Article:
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FEDERAL DEPOSIT INS. CORP. v. GREENWOOD

December 15, 1988

FEDERAL DEPOSIT INSURANCE CORPORATION, PLAINTIFF,
v.
RUSSELL GREENWOOD, J. ELLIS HICKS, JOHN L. SPINNER, MYREL L. WHITMYER, AND WILLIAM A. YOUNG, DEFENDANTS.



The opinion of the court was delivered by: Richard Mills, District Judge:

OPINION

Did the FDIC's cause of action accrue when it first acquired the assets of the failed Coffeen National Bank or when Defendants committed their allegedly negligent acts?

The latter: when the cause first could have been sued on.

I

On or about July 12, 1984, the Office of the Comptroller of the Currency ("OCC") ordered that the Coffeen National Bank (the "bank") be closed. The OCC took possession of the bank's assets and tendered to the Federal Deposit Insurance Corporation ("FDIC") the appointment as receiver of the bank. Thereafter, the FDIC in its corporate capacity purchased the assets of the bank from the FDIC in its capacity as receiver. Included in the assets were all claims that the bank had against its directors, officers, and employees for alleged negligent performance or nonperformance of their duties. Defendants were directors of the bank at relevant times herein.

Defendants allege as an affirmative defense that the FDIC's action is time barred. Defendants allege that most of the conduct on which Plaintiff's action is based occurred prior to 1979 and all of the acts occurred prior to August 1982. Plaintiff filed its complaint July 10, 1987. Defendants moved for partial summary judgment on October 17, 1988, and that motion is now before the Court.

II

Under Fed.R.Civ.P. 56(c), summary judgment should be entered "if the pleadings, depositions, answers to interrogatories, and admissions on file, together with the affidavits, if any, show that there is no genuine issue as to any material fact and that the moving party is entitled to a judgment as a matter of law." Unquestionably, in determining whether a genuine issue of material fact exists, the evidence is to be taken in the light most favorable to the moving party. Adickes v. S.H. Kress & Co., 398 U.S. 144, 158-59, 90 S.Ct. 1598, 1608-09, 26 L.Ed.2d 142 (1970). Nevertheless, the rule is also well established that the mere existence of some factual dispute will not frustrate an otherwise proper summary judgment. Anderson v. Liberty Lobby, Inc., 477 U.S. 242, 247, 106 S.Ct. 2505, 2509, 91 L.Ed.2d 202 (1986). Thus, the "preliminary question for the judge [is] not whether there is literally no evidence, but whether there is any upon which a jury could properly proceed to find a verdict for the party producing it upon whom the onus of proof is imposed." Id. at 251, 106 S.Ct. at 251 (quoting Improvement Co. v. Munson, 81 U.S., (14 Wall.) 442, 448, 20 L.Ed. 867 (1872)); see also Celotex Corp. v. Catrett, 477 U.S. 317, 322, 106 S.Ct. 2548, 2552, 91 L.Ed.2d 265 (1986). Applying this standard, the Court now turns to the case at bar.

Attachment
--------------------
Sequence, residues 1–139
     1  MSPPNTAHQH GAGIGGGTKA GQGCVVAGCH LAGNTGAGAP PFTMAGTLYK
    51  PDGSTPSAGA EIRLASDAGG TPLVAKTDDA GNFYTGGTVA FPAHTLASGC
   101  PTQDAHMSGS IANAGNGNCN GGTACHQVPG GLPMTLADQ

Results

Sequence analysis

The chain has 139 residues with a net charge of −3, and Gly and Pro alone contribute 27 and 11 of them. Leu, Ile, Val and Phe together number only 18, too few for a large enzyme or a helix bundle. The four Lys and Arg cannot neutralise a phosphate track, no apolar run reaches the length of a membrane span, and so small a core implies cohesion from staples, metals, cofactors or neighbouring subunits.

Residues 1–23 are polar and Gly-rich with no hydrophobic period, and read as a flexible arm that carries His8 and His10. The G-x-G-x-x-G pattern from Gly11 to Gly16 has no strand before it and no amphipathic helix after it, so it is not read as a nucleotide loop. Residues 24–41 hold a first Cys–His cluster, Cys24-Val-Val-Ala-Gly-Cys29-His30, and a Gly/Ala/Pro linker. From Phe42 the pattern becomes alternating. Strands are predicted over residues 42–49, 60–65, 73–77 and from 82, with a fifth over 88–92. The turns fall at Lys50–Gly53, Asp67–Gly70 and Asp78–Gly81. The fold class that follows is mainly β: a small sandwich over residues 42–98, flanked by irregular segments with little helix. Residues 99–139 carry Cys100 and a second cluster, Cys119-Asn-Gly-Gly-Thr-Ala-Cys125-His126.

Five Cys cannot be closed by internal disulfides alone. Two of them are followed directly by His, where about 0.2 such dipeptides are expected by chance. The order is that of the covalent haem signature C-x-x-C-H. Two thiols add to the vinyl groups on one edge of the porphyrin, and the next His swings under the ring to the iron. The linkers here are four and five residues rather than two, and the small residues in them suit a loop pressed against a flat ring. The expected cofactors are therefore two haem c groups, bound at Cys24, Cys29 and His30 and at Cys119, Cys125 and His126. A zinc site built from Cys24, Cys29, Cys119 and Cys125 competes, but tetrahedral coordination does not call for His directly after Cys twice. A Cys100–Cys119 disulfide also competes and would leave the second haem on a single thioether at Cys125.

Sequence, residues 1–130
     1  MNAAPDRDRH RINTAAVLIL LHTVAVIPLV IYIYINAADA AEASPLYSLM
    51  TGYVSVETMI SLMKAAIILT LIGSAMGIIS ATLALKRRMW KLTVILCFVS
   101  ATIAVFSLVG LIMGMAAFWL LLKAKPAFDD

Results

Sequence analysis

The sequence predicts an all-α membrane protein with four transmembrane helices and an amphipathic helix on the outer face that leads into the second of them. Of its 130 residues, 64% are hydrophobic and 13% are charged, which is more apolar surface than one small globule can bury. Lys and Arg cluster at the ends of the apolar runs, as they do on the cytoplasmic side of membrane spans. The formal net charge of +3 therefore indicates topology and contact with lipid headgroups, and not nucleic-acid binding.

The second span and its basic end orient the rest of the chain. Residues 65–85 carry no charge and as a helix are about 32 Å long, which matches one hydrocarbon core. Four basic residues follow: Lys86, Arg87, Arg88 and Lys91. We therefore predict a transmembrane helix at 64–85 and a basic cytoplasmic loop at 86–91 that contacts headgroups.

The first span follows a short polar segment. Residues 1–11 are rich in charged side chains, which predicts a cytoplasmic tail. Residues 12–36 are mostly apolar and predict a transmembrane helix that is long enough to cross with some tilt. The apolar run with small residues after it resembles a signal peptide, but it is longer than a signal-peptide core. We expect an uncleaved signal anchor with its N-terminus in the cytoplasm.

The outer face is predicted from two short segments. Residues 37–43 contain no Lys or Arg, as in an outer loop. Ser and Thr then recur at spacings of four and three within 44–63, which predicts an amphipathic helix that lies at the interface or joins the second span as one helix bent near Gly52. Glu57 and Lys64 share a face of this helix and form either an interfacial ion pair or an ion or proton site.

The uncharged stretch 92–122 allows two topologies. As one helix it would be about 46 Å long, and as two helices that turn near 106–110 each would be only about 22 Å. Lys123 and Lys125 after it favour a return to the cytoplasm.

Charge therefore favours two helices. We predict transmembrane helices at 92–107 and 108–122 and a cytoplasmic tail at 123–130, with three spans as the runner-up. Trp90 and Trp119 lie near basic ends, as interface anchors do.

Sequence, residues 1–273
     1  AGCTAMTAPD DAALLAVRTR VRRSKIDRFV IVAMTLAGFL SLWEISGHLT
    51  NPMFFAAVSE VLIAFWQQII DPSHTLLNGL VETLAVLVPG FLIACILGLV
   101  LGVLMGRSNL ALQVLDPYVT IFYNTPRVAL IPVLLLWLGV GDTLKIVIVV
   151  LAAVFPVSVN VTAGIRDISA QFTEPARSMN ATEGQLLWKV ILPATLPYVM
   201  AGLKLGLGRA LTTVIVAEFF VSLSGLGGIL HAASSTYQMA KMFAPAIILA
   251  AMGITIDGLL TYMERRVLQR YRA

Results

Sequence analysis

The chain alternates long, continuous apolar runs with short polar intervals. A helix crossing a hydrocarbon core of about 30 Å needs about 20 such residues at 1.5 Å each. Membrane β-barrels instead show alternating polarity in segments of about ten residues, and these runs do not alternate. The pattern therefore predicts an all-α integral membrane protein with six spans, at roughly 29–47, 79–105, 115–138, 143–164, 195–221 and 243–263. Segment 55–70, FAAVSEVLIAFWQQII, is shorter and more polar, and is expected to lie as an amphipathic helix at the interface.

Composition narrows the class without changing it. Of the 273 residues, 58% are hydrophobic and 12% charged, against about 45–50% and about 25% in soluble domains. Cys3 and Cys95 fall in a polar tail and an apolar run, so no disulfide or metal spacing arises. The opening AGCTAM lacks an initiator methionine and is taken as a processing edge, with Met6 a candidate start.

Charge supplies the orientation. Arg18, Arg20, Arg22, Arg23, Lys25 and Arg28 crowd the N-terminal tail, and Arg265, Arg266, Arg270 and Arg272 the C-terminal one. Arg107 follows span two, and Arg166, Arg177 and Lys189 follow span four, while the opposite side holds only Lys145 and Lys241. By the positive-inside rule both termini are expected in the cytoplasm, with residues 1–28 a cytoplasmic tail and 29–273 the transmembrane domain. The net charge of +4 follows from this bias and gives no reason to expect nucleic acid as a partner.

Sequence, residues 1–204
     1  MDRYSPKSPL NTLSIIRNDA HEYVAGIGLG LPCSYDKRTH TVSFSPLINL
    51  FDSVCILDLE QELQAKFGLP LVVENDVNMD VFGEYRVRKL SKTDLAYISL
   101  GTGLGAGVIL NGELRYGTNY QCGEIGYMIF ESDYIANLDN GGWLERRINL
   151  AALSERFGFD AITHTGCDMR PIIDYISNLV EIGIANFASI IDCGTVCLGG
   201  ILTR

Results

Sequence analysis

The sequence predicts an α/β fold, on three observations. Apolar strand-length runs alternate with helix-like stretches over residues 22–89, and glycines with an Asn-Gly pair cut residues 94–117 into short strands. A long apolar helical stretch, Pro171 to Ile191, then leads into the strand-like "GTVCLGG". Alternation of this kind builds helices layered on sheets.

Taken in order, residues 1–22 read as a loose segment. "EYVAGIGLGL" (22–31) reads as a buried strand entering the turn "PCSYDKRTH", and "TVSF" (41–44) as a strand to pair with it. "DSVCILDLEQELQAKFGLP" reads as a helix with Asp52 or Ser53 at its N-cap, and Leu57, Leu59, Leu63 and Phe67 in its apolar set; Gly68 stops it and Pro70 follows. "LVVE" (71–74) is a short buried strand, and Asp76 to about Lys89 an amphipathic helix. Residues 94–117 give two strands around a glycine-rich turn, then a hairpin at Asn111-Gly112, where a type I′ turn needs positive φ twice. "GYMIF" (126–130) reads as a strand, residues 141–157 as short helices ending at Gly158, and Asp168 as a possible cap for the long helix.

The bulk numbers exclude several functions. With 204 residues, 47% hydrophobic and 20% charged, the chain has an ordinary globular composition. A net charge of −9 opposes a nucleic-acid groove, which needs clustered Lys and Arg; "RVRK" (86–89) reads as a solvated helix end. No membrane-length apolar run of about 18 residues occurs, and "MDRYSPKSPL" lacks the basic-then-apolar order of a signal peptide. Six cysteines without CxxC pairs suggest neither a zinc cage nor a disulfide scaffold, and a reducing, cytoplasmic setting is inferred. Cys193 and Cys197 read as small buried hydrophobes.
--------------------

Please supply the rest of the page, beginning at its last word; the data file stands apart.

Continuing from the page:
III

Pursuant to 28 U.S.C. § 2415:

  (b) . . . Every action for money damages brought
  by the United States or an officer or agency
  thereof which is founded upon a tort shall be
  barred unless the complaint is filed within three
  years after the right of action first
  accrues. . . .

Thus, whether Plaintiff's cause of action sounds in tort or contract, the relevant time period for determining when an untolled statute of limitations begins to run is the date on which the right of action first accrued.

The parties cite no, and the Court was unable to discover any, Seventh Circuit authority interpreting the language of ยง ...


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